South Carolina BAR Journal
SC Lawyer, January 2012, #1.
The EU Court's Decision Akzo Nobel is Not a Big, Bad Wolf
South Carolina LawyerJanuary 2012The EU Court's Decision Akzo Nobel is Not a Big, Bad WolfBy Francesca Giannoni-Crystal and Nathan M. CrystalOn September 14, 2010, in Akzo Nobel Chemicals Ltd. v. EU (Case-550/07), the European Court of Justice (ECJ) unanimously held that communications between in-house counsel and company executives are not privileged. It is hardly newsworthy that in Europe in-house counsel do not enjoy the attorney-client privilege (called the "professional privilege"). In 1982 the ECJ in AM and S Europe v. Commission (Case-155/79) focused on the requisite of independence to hold that a communication exchanged with an independent/external lawyer related to the client's rights of defense was privileged. Many, however, have been disappointed by Akzo Nobel because they expected the ECJ to extend the privilege to in-house counsel, considering that their role had expanded and the need for protection of their communications had increased. The ECJ did not do so.
While the decision has been criticized in the U.S. and warnings issued about the risk to American companies, the impact of the decision is not as great as critics claim because: (1) In very few European countries are in-house counsel members of the bar and are granted the professional privilege. Even if the ECJ had recognized the privilege, its decision would only have applied to EU litigation, not to domestic cases. (2) The professional privilege and the American attorney-client privilege are different. (3) Finally, the privilege is especially important in the U.S. because of discovery, while in Europe there is no discovery.
The Akzo Nobel decision
In 2003, during a European Commission's investigation regarding anti-competitive practice by two companies of the same group, Akzo and Akcros (hereinafter "Akzo"), a dispute arose between the commission officials and Akzo as to the disclosure of certain documents. In particular, the dispute focused on two e-mails exchanged between an Akzo executive and Akzo's coordinator for competition law (who was enrolled as an Advocaat of the Netherlands Bar and was also a permanent employee of Akzo). While Akzo alleged that the materials were privileged, the commission's officials disagreed and seized them. Akzo sued. The court of first instance ("General Court") rejected the claim, and Akzo appealed to the ECJ, alleging misapplication of the law or in the alternative, advocating a change in the law.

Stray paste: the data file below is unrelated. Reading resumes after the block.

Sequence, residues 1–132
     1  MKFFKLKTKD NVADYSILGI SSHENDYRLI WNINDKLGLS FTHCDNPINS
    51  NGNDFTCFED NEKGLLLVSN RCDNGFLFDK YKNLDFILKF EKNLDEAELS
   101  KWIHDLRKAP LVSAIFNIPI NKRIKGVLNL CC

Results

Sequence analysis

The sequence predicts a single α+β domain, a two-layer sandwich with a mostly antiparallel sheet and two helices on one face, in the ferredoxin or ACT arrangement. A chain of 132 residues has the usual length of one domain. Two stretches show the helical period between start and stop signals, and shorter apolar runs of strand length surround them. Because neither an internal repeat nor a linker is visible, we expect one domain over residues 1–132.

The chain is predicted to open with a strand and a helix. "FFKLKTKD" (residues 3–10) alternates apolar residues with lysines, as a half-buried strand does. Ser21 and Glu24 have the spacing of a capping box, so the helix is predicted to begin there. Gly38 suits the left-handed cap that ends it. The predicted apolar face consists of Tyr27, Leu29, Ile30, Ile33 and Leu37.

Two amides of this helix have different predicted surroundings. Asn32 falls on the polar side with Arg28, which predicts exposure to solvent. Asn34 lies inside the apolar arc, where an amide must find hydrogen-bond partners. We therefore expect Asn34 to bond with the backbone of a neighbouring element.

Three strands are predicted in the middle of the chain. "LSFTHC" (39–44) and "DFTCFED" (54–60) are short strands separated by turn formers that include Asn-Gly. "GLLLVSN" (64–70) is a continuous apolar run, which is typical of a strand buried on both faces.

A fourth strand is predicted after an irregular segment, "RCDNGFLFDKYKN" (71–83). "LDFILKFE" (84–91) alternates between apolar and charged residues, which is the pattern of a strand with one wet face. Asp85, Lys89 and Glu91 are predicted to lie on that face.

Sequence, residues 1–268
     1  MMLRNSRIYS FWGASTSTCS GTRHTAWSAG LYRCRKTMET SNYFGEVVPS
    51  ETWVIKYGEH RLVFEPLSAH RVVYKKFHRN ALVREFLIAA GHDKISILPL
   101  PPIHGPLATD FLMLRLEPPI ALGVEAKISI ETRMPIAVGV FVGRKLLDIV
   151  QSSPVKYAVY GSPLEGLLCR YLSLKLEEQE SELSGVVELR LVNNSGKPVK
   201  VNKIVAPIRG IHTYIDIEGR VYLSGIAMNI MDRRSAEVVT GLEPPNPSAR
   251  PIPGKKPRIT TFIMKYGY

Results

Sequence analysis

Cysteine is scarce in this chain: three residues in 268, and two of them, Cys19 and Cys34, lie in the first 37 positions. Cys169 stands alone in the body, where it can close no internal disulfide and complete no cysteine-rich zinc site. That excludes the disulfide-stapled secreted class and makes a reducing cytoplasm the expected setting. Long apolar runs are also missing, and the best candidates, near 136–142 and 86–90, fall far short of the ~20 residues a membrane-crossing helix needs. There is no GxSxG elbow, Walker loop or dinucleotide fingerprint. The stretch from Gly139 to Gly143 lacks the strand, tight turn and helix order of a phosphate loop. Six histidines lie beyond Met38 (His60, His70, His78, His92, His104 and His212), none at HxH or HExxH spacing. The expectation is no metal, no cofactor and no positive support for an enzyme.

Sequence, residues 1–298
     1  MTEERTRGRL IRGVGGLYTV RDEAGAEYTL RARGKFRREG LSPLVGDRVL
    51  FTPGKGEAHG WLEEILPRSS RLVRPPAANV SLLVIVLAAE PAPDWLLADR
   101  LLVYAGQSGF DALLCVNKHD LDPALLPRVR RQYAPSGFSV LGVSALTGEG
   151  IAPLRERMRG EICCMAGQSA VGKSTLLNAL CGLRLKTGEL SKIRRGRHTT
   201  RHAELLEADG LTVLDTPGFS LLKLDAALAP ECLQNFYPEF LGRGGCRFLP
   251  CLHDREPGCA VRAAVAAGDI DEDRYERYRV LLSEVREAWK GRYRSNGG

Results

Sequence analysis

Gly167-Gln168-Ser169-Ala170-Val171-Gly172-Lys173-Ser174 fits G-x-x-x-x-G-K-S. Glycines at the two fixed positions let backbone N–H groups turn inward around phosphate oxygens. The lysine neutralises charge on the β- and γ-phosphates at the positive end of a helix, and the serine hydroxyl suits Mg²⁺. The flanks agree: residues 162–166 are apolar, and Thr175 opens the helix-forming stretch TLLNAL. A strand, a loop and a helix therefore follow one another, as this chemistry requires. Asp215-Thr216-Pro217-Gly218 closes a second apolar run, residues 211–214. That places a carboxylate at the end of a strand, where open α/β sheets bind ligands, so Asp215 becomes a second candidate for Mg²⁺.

Clarifying AM and S Europe, the ECJ held that in-house counsel were not entitled to the privilege because they were not independent from their clients. As a result "an in-house lawyer is less able to deal effectively with any conflicts between his professional obligations and the aims of his client." Akzo Nobel¶ 45.
As the General Court stated: independence is necessary because of "the lawyer's role as collaborating in the administration of justice by the courts." General Court in Akzo Nobel ¶ 4. Being independent means that a lawyer must "structurally, hierarchically and functionally," be "a third party in relation to the undertaking receiving that advice." Id. The lack of independence exists even if the attorney is enrolled as a member of a bar: "It follows, both from the in-house lawyer's economic dependence and the close ties with his employer, that he does not enjoy a level of professional independence comparable to that of an external lawyer." Id.¶ 49.
In arguing for a change in the law, Akzo claimed that national legal systems had evolved as to the application of the privilege to in-house counsel. However, the ECJ found no evolution. Akzo Nobel¶ 72.
In conclusion: Akzo Nobel stands for the proposition that the professional privilege does not attach to communications by or with in-house counsel, either enrolled or un-enrolled in a bar. However, this proposition should not be threatening to American companies based in or making...